I use a MacBook Pro as my my main computer, plugged into a desktop set-up. Like any right-thinking geek with such an arrangement, I removed the laptop’s battery to prevent it suffering from being charged all the time — the MacBook Pro is never used away from mains power and can’t be accidentally unplugged.
I only switched to Mac OS relatively recently (I ran Windows XP via Boot Camp for a spell), but in the few months I have been using it, one constant complaint has been about speed. Mac OS X 10.5.X seemed very slow in some circumstances and I was seeing the spinning beach ball far more often than I would see the hourglass in Windows (when simply switching to an open Firefox tab, for example).
After simply blaming this on the vagaries of Mac OS for a few months, something occurred to me this morning. I vaguely remembered reading a while ago about how MacBooks run slower when the battery is removed. Since I wasn’t a Mac user at the time, I didn’t follow the story that closely and assumed it only affected the new unibody MacBooks (which were launched around that time). I was wrong. (more…)
My MacBook is set up as a desktop computer — it’s plugged into a Dell 22in LCD monitor (E228WFP) and sits on a fabulous Rain Design mStand so that I can use its screen as a second monitor. I have a pair of Logitech speakers plugged into the MacBook’s headphone socket, but since the MacBook sits on the left of my desk and the headphone socket is on the left of the MacBook, the (short) audio cable that runs to the right speaker is stretched rather tightly.
A simple 3.5mm male to 3.5mm female speaker cable would solve this, but I already have enough cables behind my desk, so I figured that it wold be easier to simply swap the speakers around so that the right one was nearer the MacBook. This would also reverse the speakers’ stereo image, of course, so I’d also need to swap the L-R speaker assignments in Mac OS X. Is such a thing possible? Fortunately, yes — here’s how. (more…)
Running a dual-monitor set-upon a MacBook is easy enough — just plug in the monitor and go to System Preferences > Displays to configure it. The first thing you’l need to do is click the Arrangment button and drag the external monitor so that it’s position is Displays matches that on your desk — so that it sits to the right, left or wherever of your MacBook screen, in other words. But if you want to use the external display as the main display, how do you move the menu bar and Dock from the MacBook screen?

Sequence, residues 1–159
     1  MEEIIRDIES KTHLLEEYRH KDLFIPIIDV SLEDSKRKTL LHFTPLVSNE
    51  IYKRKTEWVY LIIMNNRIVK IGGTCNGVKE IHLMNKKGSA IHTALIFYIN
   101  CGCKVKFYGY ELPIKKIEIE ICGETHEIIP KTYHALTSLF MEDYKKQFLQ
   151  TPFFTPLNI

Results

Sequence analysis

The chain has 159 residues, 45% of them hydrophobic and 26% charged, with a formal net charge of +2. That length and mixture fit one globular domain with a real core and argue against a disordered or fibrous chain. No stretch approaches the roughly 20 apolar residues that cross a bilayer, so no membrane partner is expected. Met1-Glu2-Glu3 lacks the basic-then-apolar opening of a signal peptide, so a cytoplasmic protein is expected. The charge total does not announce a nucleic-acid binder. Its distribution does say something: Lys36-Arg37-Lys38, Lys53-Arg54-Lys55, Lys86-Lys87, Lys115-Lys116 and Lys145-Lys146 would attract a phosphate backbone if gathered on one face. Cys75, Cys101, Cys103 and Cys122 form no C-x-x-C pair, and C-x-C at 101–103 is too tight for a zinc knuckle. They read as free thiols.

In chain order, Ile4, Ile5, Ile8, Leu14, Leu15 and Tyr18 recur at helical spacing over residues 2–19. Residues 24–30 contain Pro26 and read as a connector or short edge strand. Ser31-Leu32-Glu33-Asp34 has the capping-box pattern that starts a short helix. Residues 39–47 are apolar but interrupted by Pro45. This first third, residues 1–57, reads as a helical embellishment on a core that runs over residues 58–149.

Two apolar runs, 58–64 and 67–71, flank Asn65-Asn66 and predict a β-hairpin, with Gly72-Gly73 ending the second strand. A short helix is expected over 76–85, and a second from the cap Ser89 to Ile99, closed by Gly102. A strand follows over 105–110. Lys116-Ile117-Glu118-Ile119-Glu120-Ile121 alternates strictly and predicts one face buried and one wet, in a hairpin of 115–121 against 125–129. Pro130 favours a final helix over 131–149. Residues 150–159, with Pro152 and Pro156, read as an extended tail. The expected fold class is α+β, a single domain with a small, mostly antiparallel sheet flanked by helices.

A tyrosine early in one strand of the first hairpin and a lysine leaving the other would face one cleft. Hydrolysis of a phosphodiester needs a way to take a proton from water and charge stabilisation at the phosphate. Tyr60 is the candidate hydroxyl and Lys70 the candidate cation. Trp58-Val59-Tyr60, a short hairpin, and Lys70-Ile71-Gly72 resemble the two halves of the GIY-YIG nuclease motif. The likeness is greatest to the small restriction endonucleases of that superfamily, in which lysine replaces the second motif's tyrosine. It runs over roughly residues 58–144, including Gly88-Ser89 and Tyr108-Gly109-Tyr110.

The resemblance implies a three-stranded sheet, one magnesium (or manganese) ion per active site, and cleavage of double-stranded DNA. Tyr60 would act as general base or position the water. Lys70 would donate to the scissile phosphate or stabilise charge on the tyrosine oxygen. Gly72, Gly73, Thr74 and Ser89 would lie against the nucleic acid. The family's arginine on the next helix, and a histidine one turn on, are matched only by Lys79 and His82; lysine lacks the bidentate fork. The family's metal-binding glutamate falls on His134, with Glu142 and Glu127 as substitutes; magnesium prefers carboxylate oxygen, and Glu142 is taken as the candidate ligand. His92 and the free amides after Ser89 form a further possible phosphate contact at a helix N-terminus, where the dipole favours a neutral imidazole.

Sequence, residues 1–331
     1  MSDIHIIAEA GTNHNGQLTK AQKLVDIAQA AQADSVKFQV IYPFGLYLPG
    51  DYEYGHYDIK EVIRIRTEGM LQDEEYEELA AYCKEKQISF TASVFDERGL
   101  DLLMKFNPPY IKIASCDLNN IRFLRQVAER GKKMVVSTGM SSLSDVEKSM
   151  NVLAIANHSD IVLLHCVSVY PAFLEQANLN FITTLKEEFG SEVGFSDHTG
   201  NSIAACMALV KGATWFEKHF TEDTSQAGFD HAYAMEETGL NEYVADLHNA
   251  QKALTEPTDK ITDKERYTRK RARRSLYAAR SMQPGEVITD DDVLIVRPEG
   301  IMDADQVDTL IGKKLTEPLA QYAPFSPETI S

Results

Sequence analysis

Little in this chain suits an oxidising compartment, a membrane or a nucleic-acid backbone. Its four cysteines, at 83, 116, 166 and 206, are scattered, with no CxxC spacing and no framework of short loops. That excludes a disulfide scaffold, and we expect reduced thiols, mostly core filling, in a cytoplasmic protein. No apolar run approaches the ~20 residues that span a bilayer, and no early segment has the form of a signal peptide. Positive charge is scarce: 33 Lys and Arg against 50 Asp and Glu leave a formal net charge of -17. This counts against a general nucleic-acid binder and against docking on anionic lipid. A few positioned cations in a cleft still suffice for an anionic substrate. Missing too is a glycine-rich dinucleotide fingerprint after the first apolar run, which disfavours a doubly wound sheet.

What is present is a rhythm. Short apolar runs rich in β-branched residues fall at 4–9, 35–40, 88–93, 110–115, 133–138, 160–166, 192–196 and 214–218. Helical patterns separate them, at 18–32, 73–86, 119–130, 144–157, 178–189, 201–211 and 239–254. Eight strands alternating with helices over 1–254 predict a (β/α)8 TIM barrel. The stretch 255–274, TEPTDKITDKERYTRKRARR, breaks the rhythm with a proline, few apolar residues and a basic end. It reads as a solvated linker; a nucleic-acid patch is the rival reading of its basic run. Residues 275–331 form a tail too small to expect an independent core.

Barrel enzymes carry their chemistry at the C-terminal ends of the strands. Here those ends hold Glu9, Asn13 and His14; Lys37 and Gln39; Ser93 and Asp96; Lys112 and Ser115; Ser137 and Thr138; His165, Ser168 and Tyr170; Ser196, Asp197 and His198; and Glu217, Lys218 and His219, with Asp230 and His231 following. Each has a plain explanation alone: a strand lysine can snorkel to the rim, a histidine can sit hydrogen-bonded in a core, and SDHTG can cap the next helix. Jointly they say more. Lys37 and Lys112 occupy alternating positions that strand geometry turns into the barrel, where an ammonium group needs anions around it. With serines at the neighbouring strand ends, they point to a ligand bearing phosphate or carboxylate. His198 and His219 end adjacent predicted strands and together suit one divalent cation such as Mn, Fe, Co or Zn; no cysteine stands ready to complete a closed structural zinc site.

Easy. Just drag the white menu bar from one monitor in the Arrangement pane of Display preferences from the display it’s on to the display you want it to appear, and the Menu bar and Dock will follow. Oh and don’t forget to disable ‘Mirror Displays’ if you want a different image on both displays…
Unlike Windows, Mac OS doesn’t offer a hibernate or deep sleep mode – selecting Sleep from the Apple menu just puts a Mac into a low-power state (suspend to RAM) that, while quick to resume, still keeps the contents of memory in memory.
This isn’t much of a problem on a desktop Mac that’s plugged into the mains, but it is a problem for MacBooks that are being used on battery power.
A MacBook in sleep mode still draws power, which means if you close the lid (the standard way to trigger sleep mode on a MacBook) and put an unplugged MacBook aside for a few days, you may come back to a flat battery.
As it turns out, more recent MacBooks do actually enter a hybrid sleep mode when you close the lid. Apple calls it Safe Sleep (much like that used in Windows Vista) and the contents of memory are written to disk before the MacBook enters its low-power sleep state. This is an insurance policy for those times when leave a MacBook in sleep mode away from the mains until the battery runs flat. When you power on, the MacBook will still resume to where you left it, but it will take a little longer as it’s restoring data from disk rather than RAM.
So, if Mac OS already has a hibernate mode, why can’t it be activated manually? Well, it can… (more…)